Grateful Dead (Skull & Roses) [Remastered]
Download links and information about Grateful Dead (Skull & Roses) [Remastered] by The Grateful Dead. This album was released in 1971 and it belongs to Rock, Folk Rock, Songwriter/Lyricist, Psychedelic genres. It contains 11 tracks with total duration of 01:09:55 minutes.
|Artist:||The Grateful Dead|
|Genre:||Rock, Folk Rock, Songwriter/Lyricist, Psychedelic|
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|3.||Big Railroad Blues||3:33|
|4.||Playing In the Band||4:38|
|5.||The Other One||18:03|
|6.||Me & My Uncle||3:02|
|7.||Big Boss Man||5:11|
|8.||Me & Bobby McGee||5:42|
|9.||Johnny B. Goode||3:41|
|11.||Not Fade Away / Goin' Down the Road Feeling Bad||9:12|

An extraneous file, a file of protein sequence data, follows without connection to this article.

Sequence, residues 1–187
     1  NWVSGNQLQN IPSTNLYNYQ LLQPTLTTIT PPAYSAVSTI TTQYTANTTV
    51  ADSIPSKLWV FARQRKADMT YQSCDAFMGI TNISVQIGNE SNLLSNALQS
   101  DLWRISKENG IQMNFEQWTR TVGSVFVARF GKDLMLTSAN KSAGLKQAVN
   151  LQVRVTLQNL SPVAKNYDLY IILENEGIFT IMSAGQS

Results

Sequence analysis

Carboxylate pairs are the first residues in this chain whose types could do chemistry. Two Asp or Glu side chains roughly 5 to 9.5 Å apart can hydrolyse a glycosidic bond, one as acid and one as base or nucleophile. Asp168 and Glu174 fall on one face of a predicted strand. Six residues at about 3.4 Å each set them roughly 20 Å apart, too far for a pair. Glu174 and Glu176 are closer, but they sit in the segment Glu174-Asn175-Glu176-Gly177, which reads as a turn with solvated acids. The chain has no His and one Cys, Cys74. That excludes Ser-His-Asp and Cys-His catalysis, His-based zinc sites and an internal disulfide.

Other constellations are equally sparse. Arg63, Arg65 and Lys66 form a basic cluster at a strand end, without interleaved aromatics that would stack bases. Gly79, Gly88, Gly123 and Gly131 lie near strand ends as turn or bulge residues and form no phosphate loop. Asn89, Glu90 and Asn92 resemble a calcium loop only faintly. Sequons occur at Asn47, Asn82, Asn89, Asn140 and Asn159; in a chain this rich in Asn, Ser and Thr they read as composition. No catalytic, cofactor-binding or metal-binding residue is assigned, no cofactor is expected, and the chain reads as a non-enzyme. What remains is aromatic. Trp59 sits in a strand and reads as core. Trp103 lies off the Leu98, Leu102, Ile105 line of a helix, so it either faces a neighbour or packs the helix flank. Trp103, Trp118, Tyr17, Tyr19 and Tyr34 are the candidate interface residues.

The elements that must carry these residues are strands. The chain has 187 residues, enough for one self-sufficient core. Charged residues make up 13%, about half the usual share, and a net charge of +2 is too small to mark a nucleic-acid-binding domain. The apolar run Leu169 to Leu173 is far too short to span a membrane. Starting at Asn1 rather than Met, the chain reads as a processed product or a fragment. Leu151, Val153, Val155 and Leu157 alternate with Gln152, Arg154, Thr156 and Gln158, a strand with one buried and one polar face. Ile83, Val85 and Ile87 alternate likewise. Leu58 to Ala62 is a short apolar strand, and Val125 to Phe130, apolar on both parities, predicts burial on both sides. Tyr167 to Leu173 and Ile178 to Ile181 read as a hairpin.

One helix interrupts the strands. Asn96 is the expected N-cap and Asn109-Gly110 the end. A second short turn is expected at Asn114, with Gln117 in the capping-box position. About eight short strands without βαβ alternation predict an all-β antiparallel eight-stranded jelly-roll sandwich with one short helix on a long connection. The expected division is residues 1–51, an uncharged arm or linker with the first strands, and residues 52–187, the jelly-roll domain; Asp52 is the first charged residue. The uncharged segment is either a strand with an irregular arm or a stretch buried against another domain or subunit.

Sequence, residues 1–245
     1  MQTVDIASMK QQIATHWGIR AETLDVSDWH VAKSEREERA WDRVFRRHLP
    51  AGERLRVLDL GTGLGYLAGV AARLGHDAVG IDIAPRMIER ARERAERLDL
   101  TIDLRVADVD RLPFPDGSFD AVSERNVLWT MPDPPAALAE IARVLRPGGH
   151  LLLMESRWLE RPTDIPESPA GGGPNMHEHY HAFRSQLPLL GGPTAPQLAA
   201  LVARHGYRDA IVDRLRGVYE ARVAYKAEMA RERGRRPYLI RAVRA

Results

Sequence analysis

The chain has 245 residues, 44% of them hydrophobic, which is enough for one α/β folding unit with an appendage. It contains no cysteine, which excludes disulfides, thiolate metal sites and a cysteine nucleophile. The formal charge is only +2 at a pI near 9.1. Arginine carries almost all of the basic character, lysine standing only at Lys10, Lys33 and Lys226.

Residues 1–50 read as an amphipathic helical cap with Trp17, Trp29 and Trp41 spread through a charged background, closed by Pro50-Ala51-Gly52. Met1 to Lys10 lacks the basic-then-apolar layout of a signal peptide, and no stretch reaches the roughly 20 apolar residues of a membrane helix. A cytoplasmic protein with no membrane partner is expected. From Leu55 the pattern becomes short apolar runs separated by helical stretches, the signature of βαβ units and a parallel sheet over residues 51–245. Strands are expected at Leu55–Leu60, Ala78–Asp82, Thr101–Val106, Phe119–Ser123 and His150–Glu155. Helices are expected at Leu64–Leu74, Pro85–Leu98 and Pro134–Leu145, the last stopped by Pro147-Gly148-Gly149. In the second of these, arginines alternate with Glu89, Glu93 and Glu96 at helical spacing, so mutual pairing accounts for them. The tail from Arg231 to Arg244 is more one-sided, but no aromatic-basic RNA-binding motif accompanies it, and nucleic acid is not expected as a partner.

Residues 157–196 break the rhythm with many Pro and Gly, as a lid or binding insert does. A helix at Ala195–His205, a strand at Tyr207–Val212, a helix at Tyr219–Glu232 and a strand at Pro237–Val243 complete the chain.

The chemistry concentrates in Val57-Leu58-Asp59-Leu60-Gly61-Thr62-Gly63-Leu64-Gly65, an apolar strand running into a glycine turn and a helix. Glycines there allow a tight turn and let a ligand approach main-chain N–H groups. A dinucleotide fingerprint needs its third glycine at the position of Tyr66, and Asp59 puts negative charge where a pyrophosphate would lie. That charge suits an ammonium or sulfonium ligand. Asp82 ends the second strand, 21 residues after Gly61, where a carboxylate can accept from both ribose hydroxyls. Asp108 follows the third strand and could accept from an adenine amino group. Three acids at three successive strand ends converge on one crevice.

Whereas the Grateful Dead’s first official live album, 1969’s Live/Dead, explored the band’s early interest in jazz-infused psychedelia, Skull & Roses exposes its down-home roots. More than half the album is comprised of covers of classic country, blues, and early rock ’n’ roll songs. In 1971, to hold up Merle Haggard and Buddy Holly as your heroes was still a bold position, but the Dead’s love for Americana was so pure and unaffected that even the naysayers were drawn in by sweet, shuffling renditions of “Mama Tried” and “Not Fade Away.” The Garcia/Hunter original “Bertha” and covers of “Johnny B. Goode” and “Big Railroad Blues” (originally done by Cannon’s Jug Stompers) reasserted the band’s love for old-fashioned rollicking rock, in spite of their growing reputation as the preeminent purveyors of space music. The album’s pinnacle is the first appearance of the classic “Wharf Rat,” a hallucinatory lament that captures the anger, sorrow, and grace of all the long lost blues records beloved by this band.